That’s what we are exploring because my guess is that when we come to the end of our lives we won’t care about more money, better promotions, cleaner houses, or better vacations. We will care about what type of legacy we have left, whether we will be remembered and whether our lives mattered.

On Sunday we are going to figure out how to do just that. How to leave a legacy that lasts and lingers.

But before we get there maybe think back in your own life. Who has left a legacy there? How did they do it? What was it about their life that caused such an affect?

For me that was my dad. Even though he passed almost 3 years ago, he is far from gone. His life continues to leave a mark in mine. Even though he won’t hold Asher until heaven, his legacy will shape and change Asher just as it’s changed me. So the question is how do we live lives like that? And come Sunday we’ll find out.

Teaching My Son to Pray…

A few nights ago I had a really special moment with my son Hudson. I always pray over him every night before he goes to bed. In fact after I pray he often says, “again daddy”. And of course I pray again. What could be better for a parent?

Well I found “better” a few nights ago. As I was leaving his room he called out and said, “Wait Daddy”. So I came back and said “What’s up buddy?” He looked up at me and said, “Daddy I want to pray”. I was so happy and excited so I said, “of course you can pray. Why don’t you pray right now.” He looked down though and was kinda sad and said, “But I not know how…

And so I got the amazing privilege to teach my son how to pray because he wants to know how to pray. I told him how we pray to Jesus who is our friend. I told him how Jesus cares about all we care about and how he prays about those things. I told him how when we pray we give thanks for things too. And so he gave his first nighttime prayer a shot. Here is what he prayed,

“Dear Jesus, I pray for mommy and daddy, and thank you…them. I pray to not pee the bed. Amen”

Pretty great first nighttime prayer right?

But here is the point for us. Why is Hudson asking to learn to pray? Because he sees me do it every day with him. Because this is an action that has been modeled for him. This is why Jesus says, wise is the person who hears my words, and puts them into practice. This is why our faith is not about believing just the right things, but living a certain way. Because our practices show our beliefs. And so I got the amazing privilege of teaching my son to pray, because prayer has been a part of his life now for a while.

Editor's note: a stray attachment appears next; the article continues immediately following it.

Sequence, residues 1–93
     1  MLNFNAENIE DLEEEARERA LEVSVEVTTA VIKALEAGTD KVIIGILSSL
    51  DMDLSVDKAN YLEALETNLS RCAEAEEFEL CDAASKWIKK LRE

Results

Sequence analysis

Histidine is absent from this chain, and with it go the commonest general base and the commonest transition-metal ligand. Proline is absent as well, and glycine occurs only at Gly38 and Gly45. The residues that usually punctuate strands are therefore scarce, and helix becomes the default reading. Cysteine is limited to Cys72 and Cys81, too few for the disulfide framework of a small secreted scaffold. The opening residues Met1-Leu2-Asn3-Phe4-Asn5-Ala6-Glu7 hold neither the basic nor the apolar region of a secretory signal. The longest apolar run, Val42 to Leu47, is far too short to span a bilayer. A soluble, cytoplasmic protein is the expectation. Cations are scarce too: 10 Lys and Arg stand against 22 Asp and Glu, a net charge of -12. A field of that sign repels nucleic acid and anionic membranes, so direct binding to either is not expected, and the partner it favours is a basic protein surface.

So the point is this: that if we want to pass along our faith, we need to start to practice it consistently. Because our friends, family, and neighbors notice. They see when you pray, when you bless someone, when you forgive and reach out. And as you do these things consistently they too might be like Hudson, saying, “Will you teach me” And trust me, there is nothing more beautiful than being able to teach your son how to connect with God.

So this week make sure you practice what you believe. Make sure you act and live out your faith with those around you. Who knows, maybe God will use your example and model to influence and change others. Because that’s what happened with me and Hudson.

Oh…and by the way…Jesus answered both our prayers that night and our little boy didn’t pee the bed…

Father’s Day Sermon

This week I’ve been thinking about this question: what makes a great father?

This is important to me as a father. My hope is that when Hudson looks back on his memories with me growing up, and all through his life he will see that I left a legacy. The question is how do you do that?

This is a picture of my dad with my son. And when I look back on my relationship with him I realize what a huge impact and legacy he has left with me. He was a great father through doing a few simple things. He gave me his time and attention. Such a simple thing but so difficult to fully do. He actually valued my input and treated me not as a child but as someone with value. This encouraged me and helped me to mature in a way I never realized until recently as I look back. Maybe the biggest thing he taught me though was about God.

My dad was a pastor but taught me so much about God in the way he lived, talked, and what he did. So on Sunday I want to share some of those lessons with you. I want to share about what my dad taught me about God and who He is and how it’s still shaping me today.

Maybe this week it’s a good time for you to reflect and think about what your dad taught you. But I also know that not all of us were blessed with dads like mine. In that case then,reflect on our heavenly Father and think about what he’s taught you…because the best dads in the world learn from him and live like him…